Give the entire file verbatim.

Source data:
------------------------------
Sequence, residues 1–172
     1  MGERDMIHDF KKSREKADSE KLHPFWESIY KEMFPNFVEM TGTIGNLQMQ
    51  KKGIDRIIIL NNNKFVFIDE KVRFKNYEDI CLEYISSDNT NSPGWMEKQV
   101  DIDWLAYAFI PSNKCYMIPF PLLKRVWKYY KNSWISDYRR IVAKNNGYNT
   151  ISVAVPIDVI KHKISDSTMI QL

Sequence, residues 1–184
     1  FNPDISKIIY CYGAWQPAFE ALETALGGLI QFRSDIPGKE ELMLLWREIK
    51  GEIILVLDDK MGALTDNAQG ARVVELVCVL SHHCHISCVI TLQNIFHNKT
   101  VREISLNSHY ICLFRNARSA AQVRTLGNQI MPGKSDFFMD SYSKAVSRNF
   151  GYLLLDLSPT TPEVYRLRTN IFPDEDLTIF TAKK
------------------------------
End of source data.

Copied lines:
Sequence, residues 1–172
     1  MGERDMIHDF KKSREKADSE KLHPFWESIY KEMFPNFVEM TGTIGNLQMQ
    51  KKGIDRIIIL NNNKFVFIDE KVRFKNYEDI CLEYISSDNT NSPGWMEKQV
   101  DIDWLAYAFI PSNKCYMIPF PLLKRVWKYY KNSWISDYRR IVAKNNGYNT
   151  ISVAVPIDVI KHKISDSTMI QL

Sequence, residues 1–184
     1  FNPDISKIIY CYGAWQPAFE ALETALGGLI QFRSDIPGKE ELMLLWREIK
    51  GEIILVLDDK MGALTDNAQG ARVVELVCVL SHHCHISCVI TLQNIFHNKT
   101  VREISLNSHY ICLFRNARSA AQVRTLGNQI MPGKSDFFMD SYSKAVSRNF
   151  GYLLLDLSPT TPEVYRLRTN IFPDEDLTIF TAKK